When worries threaten our sense of safety and security, many people turn to friends for help. Others may choose to “check out” by indulging in books, TV shows, music, or other forms of entertainment that promise an escape.
In this fast-paced world of technology, though, we should consider reviving one lost art of self-care: writing in a journal.
For some people, maybe that means starting an anonymous blog. However, many therapists stand by the old-fashioned method of using a paper and pen to spill your deepest worries and fears.
Journaling is more than just penning words onto a page. As validating as it is to share our feelings with friends or family, there are many reasons why that is not always convenient.
Our friends can sometimes be busy or immersed in their problems. Furthermore, the family can be a little too close to our worries or issues.
But the journal is an unbiased, non-judgmental space that is always available to listen. You don’t need to call to set a date or take anyone out to coffee. It is always there when you need it, and will never tell you that you are worrying over nothing.
Journaling Grants You Privacy
You may have a best friend you share everything with. But now and then, something may come up that you need to process for a bit before sharing it with others.
Or, maybe you are not ready to share certain worries with others because of a stigma that is attached. Maybe you struggle with a worry you think is silly, and are afraid others will judge you for it. You may not ever want people to know that you felt this way.
Having a journal to place your feelings is a valuable resource. Sometimes people find it helpful to journal the things they are too afraid to say out loud.
Journaling Offers Perspective
Something this week may be worrying you, for example, and you write about it to process your thoughts. But come next week, or several weeks or months later, you may turn back to this present period in your journal and realize that your fears were overblown.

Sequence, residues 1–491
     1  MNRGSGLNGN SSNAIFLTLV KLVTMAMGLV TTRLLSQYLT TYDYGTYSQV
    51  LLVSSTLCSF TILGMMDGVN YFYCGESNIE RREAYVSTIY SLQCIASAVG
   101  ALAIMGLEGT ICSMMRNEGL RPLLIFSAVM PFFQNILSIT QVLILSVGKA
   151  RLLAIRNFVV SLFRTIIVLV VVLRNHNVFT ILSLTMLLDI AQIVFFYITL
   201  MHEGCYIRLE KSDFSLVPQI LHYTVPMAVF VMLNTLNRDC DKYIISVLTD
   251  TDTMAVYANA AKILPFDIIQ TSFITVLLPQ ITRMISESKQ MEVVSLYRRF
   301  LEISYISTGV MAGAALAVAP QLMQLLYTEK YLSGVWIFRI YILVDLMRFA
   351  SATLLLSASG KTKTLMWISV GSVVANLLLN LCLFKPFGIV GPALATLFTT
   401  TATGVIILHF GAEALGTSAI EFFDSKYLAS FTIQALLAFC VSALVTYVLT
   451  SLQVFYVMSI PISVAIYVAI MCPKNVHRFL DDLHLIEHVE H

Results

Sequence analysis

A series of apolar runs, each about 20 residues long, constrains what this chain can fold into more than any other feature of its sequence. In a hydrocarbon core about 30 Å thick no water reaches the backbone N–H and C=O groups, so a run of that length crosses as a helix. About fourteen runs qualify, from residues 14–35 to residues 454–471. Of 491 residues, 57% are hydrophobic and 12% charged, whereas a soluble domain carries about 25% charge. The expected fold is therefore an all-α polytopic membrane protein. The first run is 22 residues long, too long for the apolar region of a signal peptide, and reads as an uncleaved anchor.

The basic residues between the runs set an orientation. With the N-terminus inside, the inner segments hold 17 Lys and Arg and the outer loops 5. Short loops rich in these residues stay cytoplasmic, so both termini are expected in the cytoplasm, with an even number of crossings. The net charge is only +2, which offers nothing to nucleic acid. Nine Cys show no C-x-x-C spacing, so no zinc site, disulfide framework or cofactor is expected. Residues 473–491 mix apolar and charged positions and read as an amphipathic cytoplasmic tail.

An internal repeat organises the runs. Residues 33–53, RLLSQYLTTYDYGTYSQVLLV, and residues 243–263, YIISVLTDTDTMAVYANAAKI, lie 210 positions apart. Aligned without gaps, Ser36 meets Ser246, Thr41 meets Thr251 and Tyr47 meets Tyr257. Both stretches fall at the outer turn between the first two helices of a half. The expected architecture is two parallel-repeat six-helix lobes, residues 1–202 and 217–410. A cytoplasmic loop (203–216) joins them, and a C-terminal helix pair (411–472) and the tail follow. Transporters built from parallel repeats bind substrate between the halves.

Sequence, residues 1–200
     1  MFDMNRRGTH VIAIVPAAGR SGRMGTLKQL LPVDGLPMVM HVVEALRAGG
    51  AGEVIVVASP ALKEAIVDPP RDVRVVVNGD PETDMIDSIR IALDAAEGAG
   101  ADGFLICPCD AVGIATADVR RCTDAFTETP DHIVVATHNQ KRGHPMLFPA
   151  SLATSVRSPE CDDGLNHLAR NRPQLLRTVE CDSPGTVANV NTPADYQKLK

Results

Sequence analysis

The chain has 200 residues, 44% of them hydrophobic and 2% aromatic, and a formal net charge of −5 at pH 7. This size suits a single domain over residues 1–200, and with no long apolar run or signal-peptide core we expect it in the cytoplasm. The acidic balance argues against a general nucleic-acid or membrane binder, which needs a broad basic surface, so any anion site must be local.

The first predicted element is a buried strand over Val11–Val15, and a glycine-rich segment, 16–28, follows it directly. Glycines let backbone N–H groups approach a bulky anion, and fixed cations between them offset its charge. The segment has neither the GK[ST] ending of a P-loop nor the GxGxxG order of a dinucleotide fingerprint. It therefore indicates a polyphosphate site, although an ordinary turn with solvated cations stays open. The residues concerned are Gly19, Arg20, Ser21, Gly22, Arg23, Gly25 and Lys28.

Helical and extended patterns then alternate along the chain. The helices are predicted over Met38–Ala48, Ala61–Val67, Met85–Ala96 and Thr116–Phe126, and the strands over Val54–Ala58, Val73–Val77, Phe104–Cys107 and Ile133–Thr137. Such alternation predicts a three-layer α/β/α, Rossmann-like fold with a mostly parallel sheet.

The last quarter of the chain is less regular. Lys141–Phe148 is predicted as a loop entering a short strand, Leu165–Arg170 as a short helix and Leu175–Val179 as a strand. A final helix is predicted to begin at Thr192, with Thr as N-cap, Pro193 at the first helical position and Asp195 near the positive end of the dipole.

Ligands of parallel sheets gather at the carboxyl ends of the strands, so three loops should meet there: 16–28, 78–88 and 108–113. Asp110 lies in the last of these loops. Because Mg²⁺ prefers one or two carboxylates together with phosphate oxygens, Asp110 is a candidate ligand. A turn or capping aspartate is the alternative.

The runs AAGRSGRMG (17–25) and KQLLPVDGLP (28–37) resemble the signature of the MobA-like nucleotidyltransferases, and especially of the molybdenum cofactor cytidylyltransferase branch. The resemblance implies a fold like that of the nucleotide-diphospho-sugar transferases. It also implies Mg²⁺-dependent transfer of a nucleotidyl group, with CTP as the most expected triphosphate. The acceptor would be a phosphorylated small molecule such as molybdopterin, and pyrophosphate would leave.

Looking back on previous entries can help put things in perspective and remind you that the world did not end. This practice can help shape your response when new worries come into your life.
Journaling Supports Organized Thoughts
Our minds are often a messy swirl of thoughts and emotions. Sometimes ones that contradict each other.
A journal can help you write out all the different angles and possibilities of particular worry. You can examine the best and worst-case scenarios of the situation that scares you. Plus, you can explore what you would do if X, Y, or Z happened.
Confronting the worry rather than ignoring or downplaying it can help it seem less scary. You may also feel more prepared for the outcome after writing all your feelings down.
How to Start Journaling
Don’t be intimidated by the fact that you’re not much of a writer. Find a notebook with a cover that speaks to you, grab a favorite pen, and simply write.
Set aside five to ten minutes every day and go wherever your thoughts take you. Don’t worry about writing in complete sentences, your spelling, or grammar; this won’t be published.
Make sure you keep it in a safe place when you’re done!
A therapist can help you with some journaling tips to help reduce your worries and anxieties. Please, reach out if you’re ready to start navigating your thoughts more effectively. For more information about anxiety or depression counseling, click here.
About the Author
Julia Nelson, LPCA, LMFTA is a psychotherapist and owns a private practice in Henderson County, (Flat Rock) NC and Rutherford County, (Forest City) NC. In general, she specializes in couples counseling, anxiety and depression counseling, premarital counseling, and parenting classes. She is also a Certified Clinical Military Counselor. To find out more about Julia click here: Nelson Christian Counseling.
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